A Letter to Catholics who Support Abortion

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By: Jonathan Fessenden, Holy Apostles College and Seminary.

Faith involves humility, because it is impossible to know all that God reveals to us. A part of this humility is to submit our assent to authorities and so He gave us the Magisterium.

Fr. Brian Mullady

It is increasingly apparent that modern Catholics do not adhere to the Magisterium but instead acquiesce to what is dictated by government standards and the various secular powers within society. We, as Catholics, should ask ourselves what means more to us: what the Church believes or what our societal “leaders” believe? As Christians, we already have a set of rules that not only dictate how we as persons should live but lay the groundwork for Natural Law itself. So, let us refresh ourselves with the Fifth Commandment: “Thou Shall Not Kill.” Most people in society agree with this commandment, but for some reason we continue to wage war with the media and the modern zeitgeist that continues to sanction one of the greatest persisting holocausts of human history. And make no mistake, abortion is a holocaust. 

Before you continue reading, I would like to share that I once adhered to a more post-modern secular mindset: one that not only shoved away tradition and ripped apart family values but one that admittedly had no problem with seeing abortion as a reasonable practice. Today, although I consider myself far more traditional, I must stress that abortion goes so much deeper than political parties, ideologies, nuances, and personality types. Catholicism transcends all of this. So, if one believes in their Catholicism more than their political philosophy or party, they are taking the right route. Seekers of truth get on board, and let us read an excellent excerpt that some may have forgotten and many have never read but faithfully resides in the Catechism of the Catholic Church:

Human life is sacred because from its beginning it involves the creative action of God and it remains forever in a special relationship with the Creator, who is its sole end. … no one can under any circumstance claim for himself the right directly to destroy an innocent human being.

CCC 2258 

So far, so good, and I expect that people from every political ideology can generally agree with this statement. Of course, I might draw some objections from those who do not believe in God, but even if that may be the case, we must still agree that human life is our bond.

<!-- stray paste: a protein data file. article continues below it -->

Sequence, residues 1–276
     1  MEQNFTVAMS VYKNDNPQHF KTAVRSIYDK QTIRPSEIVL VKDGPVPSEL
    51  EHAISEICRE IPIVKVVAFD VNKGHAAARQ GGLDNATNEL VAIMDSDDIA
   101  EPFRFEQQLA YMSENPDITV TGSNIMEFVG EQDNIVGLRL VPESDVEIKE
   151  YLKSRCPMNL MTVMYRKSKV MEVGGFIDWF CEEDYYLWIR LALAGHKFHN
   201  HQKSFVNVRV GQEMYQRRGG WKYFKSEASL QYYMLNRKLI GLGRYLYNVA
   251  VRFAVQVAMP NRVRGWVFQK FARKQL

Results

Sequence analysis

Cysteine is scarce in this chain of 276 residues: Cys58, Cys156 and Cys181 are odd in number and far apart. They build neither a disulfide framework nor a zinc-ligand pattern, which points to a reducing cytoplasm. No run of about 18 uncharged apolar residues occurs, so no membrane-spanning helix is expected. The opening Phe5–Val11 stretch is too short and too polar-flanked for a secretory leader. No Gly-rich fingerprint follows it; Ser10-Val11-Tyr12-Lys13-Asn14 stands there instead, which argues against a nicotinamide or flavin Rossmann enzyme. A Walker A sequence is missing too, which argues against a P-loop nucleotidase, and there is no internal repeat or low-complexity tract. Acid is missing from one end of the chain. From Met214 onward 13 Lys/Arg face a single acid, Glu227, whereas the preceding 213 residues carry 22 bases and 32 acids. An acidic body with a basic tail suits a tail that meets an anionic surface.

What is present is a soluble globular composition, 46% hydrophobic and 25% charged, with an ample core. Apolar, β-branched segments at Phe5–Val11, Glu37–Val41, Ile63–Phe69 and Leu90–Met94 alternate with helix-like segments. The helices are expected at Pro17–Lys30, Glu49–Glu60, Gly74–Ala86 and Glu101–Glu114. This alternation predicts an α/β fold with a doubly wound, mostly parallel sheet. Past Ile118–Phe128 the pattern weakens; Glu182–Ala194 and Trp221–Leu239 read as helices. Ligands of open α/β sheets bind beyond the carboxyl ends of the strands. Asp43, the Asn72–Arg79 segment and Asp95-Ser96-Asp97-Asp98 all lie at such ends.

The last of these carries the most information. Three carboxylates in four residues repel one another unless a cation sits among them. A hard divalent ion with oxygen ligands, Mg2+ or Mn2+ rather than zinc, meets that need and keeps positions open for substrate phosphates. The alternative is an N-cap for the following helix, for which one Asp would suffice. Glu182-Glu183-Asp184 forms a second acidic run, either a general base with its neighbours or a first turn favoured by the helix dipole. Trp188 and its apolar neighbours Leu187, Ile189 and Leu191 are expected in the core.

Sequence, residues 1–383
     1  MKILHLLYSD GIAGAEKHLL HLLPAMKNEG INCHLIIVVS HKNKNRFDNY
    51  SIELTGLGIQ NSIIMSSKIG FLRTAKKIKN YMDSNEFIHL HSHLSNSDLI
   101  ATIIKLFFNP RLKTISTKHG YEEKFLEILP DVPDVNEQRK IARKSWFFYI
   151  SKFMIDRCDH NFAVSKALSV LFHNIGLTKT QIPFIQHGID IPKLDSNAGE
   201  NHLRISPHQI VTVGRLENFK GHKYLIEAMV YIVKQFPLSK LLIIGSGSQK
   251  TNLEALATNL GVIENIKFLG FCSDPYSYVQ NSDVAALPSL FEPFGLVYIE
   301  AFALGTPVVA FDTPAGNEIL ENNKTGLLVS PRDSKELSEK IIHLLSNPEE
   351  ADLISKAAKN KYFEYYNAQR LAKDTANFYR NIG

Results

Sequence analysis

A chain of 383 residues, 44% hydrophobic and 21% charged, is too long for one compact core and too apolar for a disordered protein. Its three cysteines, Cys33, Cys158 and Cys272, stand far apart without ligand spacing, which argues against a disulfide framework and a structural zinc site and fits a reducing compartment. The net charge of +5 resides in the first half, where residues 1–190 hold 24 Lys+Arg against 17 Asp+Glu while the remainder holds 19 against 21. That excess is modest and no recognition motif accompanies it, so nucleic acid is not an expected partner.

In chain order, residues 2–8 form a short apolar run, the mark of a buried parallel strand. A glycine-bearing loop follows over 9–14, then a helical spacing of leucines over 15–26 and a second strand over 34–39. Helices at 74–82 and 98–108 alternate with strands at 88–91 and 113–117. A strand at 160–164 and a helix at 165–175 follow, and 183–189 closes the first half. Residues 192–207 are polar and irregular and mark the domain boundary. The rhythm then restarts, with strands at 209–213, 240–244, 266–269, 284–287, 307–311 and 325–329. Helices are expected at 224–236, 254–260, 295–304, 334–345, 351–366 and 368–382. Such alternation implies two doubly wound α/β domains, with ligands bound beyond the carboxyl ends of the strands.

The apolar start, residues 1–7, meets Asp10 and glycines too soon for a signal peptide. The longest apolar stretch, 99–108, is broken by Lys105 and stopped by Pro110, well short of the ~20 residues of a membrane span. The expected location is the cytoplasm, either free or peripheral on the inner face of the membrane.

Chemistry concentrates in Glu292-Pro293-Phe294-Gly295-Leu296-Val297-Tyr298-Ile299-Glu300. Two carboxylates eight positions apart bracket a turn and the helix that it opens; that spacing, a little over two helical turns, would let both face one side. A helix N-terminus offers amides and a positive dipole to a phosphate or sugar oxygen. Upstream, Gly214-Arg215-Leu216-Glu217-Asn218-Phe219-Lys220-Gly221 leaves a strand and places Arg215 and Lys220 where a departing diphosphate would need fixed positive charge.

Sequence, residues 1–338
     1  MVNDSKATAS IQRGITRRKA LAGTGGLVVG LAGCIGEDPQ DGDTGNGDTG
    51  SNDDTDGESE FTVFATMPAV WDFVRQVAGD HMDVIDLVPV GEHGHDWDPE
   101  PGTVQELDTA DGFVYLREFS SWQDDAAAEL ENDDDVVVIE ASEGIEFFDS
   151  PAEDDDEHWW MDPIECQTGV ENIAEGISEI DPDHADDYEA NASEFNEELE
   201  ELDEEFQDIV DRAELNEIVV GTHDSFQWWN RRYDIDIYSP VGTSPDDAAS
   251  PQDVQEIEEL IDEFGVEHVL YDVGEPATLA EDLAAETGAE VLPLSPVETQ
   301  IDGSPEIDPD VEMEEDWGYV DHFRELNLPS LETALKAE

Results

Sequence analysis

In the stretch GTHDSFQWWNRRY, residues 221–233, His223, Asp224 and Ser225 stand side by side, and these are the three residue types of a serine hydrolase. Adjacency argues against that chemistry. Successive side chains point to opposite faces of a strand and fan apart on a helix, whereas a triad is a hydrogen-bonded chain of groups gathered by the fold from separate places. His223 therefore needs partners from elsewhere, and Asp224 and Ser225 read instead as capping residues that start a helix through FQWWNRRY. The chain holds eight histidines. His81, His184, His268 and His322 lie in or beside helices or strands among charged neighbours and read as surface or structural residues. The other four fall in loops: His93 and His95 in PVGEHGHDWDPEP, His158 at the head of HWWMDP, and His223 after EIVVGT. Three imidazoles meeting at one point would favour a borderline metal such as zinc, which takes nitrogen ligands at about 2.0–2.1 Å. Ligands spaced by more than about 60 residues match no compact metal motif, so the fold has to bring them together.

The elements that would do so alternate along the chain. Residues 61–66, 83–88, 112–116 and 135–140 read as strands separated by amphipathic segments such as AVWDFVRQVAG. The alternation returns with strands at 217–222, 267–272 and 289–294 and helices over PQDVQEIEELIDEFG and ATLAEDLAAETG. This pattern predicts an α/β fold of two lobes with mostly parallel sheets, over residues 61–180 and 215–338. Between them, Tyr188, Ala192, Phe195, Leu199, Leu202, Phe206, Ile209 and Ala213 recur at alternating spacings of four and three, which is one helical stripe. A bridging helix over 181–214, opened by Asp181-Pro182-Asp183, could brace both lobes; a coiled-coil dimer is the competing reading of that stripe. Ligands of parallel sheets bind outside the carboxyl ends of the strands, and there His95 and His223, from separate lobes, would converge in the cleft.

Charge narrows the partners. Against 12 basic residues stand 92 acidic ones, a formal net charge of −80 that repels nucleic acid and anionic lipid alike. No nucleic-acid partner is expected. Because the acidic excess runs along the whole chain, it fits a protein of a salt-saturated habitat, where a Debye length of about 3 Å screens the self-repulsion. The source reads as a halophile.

Perhaps some of you are not aware of what is written in the Catechism. To be fair, I must acknowledge that many parish priests are not doing a very thorough job at speaking about this topic. The Catechism then talks about the Fifth Commandment in other ways, and this is where Church teaching seems to lose favor with modern man. 

Human life must be respected and protected absolutely from the moment of conception. From the first moment of his existence, a human being must be recognized as having the rights of a person – among which is the inviolable right of every innocent being to life:

“Before I formed you in the womb I knew you, and before you were born I consecrated you (Jer 1:5, cf. Job 10:8-12, Ps 22;10-11).”

“My frame was not hidden from you, when I was being made in secret, intricately wrought in the depths of the earth,” (Ps 139:15).

CCC 2270 

Since the first century the Church has affirmed the moral evil of every procured abortion. This teaching has not changed and remains unchangeable. Direct abortion, that is to say, abortion willed either as an end or a means, is gravely contrary to the moral law: 

“You shall not kill the embryo by abortion and shall not cause the newborn to perish,” (Didache 2,2: SCh 248, 148, Tertullian, Apol. 9: PL 1, 319-320).

“God, the Lord of life, has entrusted to men the noble mission of safeguarding life, and men must carry it out in a manner worthy of themselves. Life must be protected with the utmost care from the moment of conception: abortion and infanticide are abominable crimes,” (Guadiam et spes 51, 3) 

CCC 2271

As a very social guy who is not afraid to talk to fellow Catholics, I get the feeling that many of my peers have not read much of this before. Some of us simply put our hour a week into Mass and do not feel the need to examine Catholic Social teachings. As a test, I asked ten random Catholics if they knew what the Catholic Church says about abortion in the Catechism, and only 1 of those 10 knew that the Church was against it. I urge all Catholics to trust and have faith that there is a more significant reason God wanted that innocent child to live. Let us now humbly consider and reflect on what God is clearly teaching us: 

Before I formed you in the womb, I knew you, and before you were born, I consecrated you.

(Jer 1:5) 

7 Responses

    1. Hi Katie.